Clean the mushrooms well, tossing any that are shriveled, then chop them into slices or dices. The pieces should be no thicker than ½ inch. Place the pieces on a baking sheet in a single layer, freezing for two hours. Then, transfer to a freezer container.
If you want to freeze cooked mushrooms, clean and slice in the same manner, then toss the mushrooms into oil or butter over medium-low heat. Cook for four to five minutes, then let them cool to room temperature. Store in portions that are no greater than ½ cup.
Most frozen mushrooms last for nine to 12 months.
Freezing fresh okra lets you enjoy it all winter long. While okra can be pickled, freezing is the best preservation method, letting you toss these veggies into dinners with ease.
Wash okra in a mixture of equal parts white vinegar and water. Then, cut off the stems, but don’t cut into the seed cells. Blanch okra in boiling water; blanch small pods for three minutes and large pods for four minutes.
Stop the cooking process by transferring the okra to an ice water bath and then draining it in a colander. You can leave the pods whole or chop them into pieces. Flash freeze in an even layer for one hour before transferring to a freezer bag. Frozen okra can be added to recipes without thawing.
Whole frozen okra should be used within one year and chopped okra within nine months.
Onions are in most good dinner recipes, so why not make your life a bit easier and learn how to freeze onions in bulk. You don’t even need to blanch or pre-tart them in any way; onions are so easy to freeze.
Chop onions to your desired size; diced or sliced works the same. It’s not recommended to freeze whole onions. A mandolin slicer makes it easier to cut even pieces.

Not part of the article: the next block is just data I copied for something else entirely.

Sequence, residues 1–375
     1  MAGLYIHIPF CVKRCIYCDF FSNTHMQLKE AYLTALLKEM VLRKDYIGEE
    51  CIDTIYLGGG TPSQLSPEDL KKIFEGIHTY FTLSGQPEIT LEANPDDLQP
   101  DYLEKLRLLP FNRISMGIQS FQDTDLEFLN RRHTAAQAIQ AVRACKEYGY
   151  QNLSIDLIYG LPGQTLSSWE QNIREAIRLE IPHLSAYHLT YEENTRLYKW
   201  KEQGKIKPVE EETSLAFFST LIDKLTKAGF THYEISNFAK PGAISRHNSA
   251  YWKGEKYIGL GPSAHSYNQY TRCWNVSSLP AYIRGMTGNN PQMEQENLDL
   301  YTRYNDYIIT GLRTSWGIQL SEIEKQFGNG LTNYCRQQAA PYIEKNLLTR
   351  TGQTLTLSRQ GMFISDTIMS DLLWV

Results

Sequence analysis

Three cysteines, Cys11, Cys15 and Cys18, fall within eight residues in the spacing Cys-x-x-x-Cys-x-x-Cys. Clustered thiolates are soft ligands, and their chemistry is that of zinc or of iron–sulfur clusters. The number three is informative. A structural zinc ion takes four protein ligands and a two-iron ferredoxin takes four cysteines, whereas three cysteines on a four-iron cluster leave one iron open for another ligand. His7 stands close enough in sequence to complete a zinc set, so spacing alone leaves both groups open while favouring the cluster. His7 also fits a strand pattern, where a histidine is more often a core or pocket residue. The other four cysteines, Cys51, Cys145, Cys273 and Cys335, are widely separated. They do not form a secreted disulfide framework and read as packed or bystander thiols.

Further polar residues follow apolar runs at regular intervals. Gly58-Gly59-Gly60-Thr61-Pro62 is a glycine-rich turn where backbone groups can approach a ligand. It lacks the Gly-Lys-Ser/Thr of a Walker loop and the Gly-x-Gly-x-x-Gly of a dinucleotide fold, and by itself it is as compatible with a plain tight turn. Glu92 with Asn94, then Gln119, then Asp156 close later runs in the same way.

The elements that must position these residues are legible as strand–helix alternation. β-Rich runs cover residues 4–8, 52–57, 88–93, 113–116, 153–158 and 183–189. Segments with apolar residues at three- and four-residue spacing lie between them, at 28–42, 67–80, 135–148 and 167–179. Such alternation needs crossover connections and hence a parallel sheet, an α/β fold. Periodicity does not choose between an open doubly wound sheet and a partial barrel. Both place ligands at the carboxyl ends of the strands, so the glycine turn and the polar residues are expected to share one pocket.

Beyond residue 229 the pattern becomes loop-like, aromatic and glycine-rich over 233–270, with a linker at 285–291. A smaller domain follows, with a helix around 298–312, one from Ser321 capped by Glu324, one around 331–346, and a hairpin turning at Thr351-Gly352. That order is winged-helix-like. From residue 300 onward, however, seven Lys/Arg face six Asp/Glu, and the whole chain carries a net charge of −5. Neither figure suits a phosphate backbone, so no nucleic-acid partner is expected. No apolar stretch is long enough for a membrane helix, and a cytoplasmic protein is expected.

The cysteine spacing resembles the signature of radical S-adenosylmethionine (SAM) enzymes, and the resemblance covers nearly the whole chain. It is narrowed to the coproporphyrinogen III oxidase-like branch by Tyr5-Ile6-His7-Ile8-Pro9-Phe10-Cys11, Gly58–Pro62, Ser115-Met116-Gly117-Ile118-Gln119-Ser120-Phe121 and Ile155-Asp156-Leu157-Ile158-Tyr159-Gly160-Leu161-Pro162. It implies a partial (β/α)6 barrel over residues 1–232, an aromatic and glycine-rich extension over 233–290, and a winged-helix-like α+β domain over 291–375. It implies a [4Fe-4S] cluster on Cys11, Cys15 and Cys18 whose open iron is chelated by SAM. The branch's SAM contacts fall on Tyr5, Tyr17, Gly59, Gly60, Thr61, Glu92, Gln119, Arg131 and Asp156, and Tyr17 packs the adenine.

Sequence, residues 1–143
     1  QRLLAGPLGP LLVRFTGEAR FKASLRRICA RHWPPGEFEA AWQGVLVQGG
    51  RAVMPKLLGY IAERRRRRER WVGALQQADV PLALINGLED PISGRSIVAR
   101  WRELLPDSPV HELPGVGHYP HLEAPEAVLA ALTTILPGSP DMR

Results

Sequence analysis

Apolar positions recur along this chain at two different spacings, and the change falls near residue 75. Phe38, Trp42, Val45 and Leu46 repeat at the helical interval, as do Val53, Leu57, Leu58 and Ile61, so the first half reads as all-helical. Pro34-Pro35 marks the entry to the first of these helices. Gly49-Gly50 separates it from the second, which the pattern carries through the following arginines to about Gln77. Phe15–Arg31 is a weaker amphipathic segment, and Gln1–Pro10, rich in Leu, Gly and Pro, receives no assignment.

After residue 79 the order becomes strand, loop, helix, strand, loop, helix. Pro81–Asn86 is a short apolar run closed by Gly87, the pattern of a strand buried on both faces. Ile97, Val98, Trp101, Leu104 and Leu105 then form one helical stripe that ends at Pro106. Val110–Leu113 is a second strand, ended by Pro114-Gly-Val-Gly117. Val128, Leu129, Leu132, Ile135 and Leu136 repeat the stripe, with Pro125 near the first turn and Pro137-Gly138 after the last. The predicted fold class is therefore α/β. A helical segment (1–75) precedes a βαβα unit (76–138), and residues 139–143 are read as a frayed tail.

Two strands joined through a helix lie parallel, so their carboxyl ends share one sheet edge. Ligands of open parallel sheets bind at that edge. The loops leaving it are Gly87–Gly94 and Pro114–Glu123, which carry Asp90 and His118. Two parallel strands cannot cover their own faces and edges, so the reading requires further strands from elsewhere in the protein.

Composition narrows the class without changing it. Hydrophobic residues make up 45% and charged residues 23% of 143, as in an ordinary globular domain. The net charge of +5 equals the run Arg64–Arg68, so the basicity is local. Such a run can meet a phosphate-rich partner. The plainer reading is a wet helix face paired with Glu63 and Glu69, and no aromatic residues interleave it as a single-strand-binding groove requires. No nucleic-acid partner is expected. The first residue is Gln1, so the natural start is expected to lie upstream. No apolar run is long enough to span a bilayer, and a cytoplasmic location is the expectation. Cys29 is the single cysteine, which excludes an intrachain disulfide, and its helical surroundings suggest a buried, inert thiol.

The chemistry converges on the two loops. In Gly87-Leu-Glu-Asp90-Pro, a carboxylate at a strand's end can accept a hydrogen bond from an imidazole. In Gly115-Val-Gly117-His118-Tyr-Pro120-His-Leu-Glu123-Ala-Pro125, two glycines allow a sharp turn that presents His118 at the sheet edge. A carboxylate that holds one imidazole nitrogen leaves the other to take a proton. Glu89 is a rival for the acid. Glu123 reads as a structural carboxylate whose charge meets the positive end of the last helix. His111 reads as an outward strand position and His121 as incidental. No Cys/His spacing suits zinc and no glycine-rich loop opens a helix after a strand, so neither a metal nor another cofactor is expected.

Freeze onions in either a pre-measured amount or a thin layer so that you can break off the amount needed. Another option is to flash freeze in a single layer before transferring to a freezer bag. Typically, one medium onion is equal to one cup of diced onions, so break off the number of onions needed from the freezer.
While “blanching” isn’t required, I still often sautee the onions before freezing. Just about every recipe I cook on a busy weeknight starts by sauteing onions in olive oil and doing this step ahead saves time. It also makes them pack better in the freezer, as she shrink when sauteed.
Raw onions last up to eight months in the freezer, and sauteed will keep for 12 to 14 months.
Parsnips are similar to a carrot or a rutabaga, and since both freeze well, you might guess that parsnips freeze well. Make sure to scrub and peel them beforehand because parsnips are a root vegetable, and peeling is preferred to avoid harboring bacteria.
Cut off the tops and bottoms, then cut the parsnips into bite-sized pieces. Let them blanch in boiling water for three minutes before transferring to an ice bath. Drain and let the parsnips set while drying. Then, transfer to the freezer.
Parsnips store for up to 12 months in the freezer.
Freezing peas is the best way to preserve them after the garden dies down. While peas can be frozen unblanched, they lose their flavor and texture if you freeze for longer than four to six weeks.
The hardest step is to shell all of your peas; do so as soon as you pick them because peas continue to ripen after harvesting. Wash your shelled peas and blanch in boiling water for only 1 ½ minutes. Scoop the peas out and put them into an ice-water bath. Once cooled, drain the water.
Spread the cooled peas out in a single layer on a baking tray and flash freeze for one to two hours. Transfer the peas to a freezer bag. This allows you to scoop out as much as you need for whatever you’re cooking.
Blanched peas store for 12 months in the freezer.
I always have plenty of peppers growing in my garden, and while I can some into pickled peppers, most go into our freezer for recipes. I like to scoop out what I need from the freezer bag rather than chopping a fresh pepper each time I need it.
This method works for both hot and sweet peppers.
Slice the peppers in half, removing all of the seeds. Then, slice or dice the peppers into the desired size and shape. Rinse the peppers well, drain, and dry with a paper towel. The drier the peppers are, the less likely they’ll end up with freezer burn.